Thanks to all our new supporters. As of today, we have 60 donors, and have raised approximately 150,000 yen. We still have a ways to go to make our goal, but are very happy with the worldwide interest in the book so far (we have donors from Malaysia, Japan, Taiwan, Australia, the Netherlands and the US, to name a few). But we have only one month remaining in our fund raising campaign, so please help us to keep spreading the word! Remember, all donations of 1,000 yen or more get you a complimentary copy of the e-book, as well as a named thank-you in the acknowledgments (if you so choose).
We think Hasegawa's book is important for many reasons. Of the many voices that have emerged after 3/11, Hasegawa's is unique in that it is the voice of an ordinary citizen and an accidental activist whose lived experience brought him to a critical crossroads. There are very few witness accounts of the aftermath of the nuclear disaster that are as detailed and illuminating as Hasegawa's. However, while he has always been vocal and is becoming very well-known in Japan, his activism remains very grass roots. Since he does not have the resources to disseminate his story in the way that more powerful interests such as institutionally-affiliated academics, journalists, or corporations can, our team has chosen a "crowd funding" approach for this project as a way to spread awareness, gauge interest and raise funds, all at the same time.
We strongly believe that Hasegawa's narrative deserves just as much attention as the others, and we hope that enough readers will agree.
As far as translation progress, I am currently working on translating the Afterword of Fukushima's Stolen Lives, written by the lawyer Yukuo Yasuda (you can read his bio here: Meet our Team). Yasuda currently represents many Fukushima Daiichi victims in litigation against Tepco, and has a long and impressive history of speaking out for ordinary citizens seeking justice after cases of misinformation and environmental injustice. As a hemophiliac, Yasuda experienced first-hand the devastating consequences of institutional misinformation in the 1980s after nearly 2,000 people, many of them his friends, contracted HIV/AIDS from tainted blood products after the government and other health experts assured hemophiliacs and their families that blood transfusions with unheated blood products were safe (this case is known in Japan as the Yakugai Eizu Jiken). Yasuda believes that the Yakugai AIDS case and the events/actions following the meltdowns at Fukushima Daiichi are structurally identical, and he finds Hasegawa's book especially important because it sheds light on this persistent problem of institutional deception.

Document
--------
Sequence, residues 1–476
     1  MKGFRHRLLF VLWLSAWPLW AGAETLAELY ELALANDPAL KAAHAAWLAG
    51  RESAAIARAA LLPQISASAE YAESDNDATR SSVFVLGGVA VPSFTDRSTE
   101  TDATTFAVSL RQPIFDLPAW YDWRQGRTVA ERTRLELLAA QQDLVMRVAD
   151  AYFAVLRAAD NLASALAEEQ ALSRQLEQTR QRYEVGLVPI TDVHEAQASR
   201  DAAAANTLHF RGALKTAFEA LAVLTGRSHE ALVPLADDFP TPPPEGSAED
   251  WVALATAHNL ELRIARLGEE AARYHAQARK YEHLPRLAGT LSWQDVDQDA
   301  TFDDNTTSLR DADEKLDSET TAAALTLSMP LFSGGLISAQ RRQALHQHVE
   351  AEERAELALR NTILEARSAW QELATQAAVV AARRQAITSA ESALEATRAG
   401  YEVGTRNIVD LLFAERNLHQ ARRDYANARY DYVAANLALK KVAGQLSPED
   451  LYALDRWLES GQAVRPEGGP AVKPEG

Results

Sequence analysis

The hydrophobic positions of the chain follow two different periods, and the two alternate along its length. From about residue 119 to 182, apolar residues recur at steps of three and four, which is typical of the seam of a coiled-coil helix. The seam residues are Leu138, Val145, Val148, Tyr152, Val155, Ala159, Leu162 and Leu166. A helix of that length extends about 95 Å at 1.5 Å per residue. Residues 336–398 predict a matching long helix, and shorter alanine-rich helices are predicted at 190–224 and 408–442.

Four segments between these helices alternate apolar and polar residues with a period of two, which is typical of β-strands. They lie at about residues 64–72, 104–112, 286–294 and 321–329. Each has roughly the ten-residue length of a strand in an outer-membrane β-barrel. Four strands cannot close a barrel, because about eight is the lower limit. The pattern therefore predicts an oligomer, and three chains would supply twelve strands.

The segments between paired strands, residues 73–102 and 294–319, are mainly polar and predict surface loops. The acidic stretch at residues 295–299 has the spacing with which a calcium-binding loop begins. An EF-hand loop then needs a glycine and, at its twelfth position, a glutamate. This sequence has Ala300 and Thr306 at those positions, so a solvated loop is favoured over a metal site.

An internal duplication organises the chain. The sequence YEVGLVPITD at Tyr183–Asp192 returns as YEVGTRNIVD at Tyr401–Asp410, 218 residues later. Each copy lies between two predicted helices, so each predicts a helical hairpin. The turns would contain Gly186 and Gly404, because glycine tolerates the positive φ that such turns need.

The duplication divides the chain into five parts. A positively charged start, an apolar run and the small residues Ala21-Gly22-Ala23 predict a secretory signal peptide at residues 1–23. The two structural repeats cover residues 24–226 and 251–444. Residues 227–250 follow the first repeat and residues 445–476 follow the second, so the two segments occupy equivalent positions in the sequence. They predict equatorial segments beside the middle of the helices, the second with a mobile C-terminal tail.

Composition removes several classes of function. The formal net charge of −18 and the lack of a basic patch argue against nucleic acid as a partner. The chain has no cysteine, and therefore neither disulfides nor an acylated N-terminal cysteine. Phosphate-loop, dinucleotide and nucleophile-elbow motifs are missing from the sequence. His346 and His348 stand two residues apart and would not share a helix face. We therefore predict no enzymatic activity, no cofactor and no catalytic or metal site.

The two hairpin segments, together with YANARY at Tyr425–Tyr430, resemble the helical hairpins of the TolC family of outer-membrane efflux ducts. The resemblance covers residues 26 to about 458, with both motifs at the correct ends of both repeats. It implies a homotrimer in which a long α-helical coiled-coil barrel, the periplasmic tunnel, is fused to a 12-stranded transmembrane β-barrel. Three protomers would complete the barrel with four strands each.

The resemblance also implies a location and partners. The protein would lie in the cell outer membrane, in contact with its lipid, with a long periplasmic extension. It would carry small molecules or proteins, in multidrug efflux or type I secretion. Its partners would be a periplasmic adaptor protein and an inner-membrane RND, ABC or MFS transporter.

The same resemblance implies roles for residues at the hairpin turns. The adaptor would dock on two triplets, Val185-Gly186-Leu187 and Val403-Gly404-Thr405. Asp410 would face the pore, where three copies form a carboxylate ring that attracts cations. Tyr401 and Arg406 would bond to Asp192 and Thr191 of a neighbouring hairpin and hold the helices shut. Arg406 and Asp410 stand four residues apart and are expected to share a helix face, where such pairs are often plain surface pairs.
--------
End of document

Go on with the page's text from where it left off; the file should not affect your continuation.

Although these two cases are specific to Japan, they are also certainly relevant to us all as fellow citizens of the world who look to our own governments and leaders to provide truthful information about issues that impact our communities and often, the globe. But I will let Yasuda speak for himself, and hope to post the translation of his essay within the next week or two.
In other news, we have a Facebook page: "Like" us if you're on Facebook. It's a good way to stay connected to the project: Fukushima's Stolen Lives - Kenichi Hasegawa Book Translation Project
Thank you again for your support.